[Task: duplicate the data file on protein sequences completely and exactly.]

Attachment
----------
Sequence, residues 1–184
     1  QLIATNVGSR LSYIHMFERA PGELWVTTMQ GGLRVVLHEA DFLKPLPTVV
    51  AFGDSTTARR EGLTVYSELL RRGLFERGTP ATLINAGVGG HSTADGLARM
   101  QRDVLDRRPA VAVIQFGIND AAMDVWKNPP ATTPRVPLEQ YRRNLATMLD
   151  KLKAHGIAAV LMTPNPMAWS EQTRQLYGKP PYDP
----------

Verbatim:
Sequence, residues 1–184
     1  QLIATNVGSR LSYIHMFERA PGELWVTTMQ GGLRVVLHEA DFLKPLPTVV
    51  AFGDSTTARR EGLTVYSELL RRGLFERGTP ATLINAGVGG HSTADGLARM
   101  QRDVLDRRPA VAVIQFGIND AAMDVWKNPP ATTPRVPLEQ YRRNLATMLD
   151  KLKAHGIAAV LMTPNPMAWS EQTRQLYGKP PYDP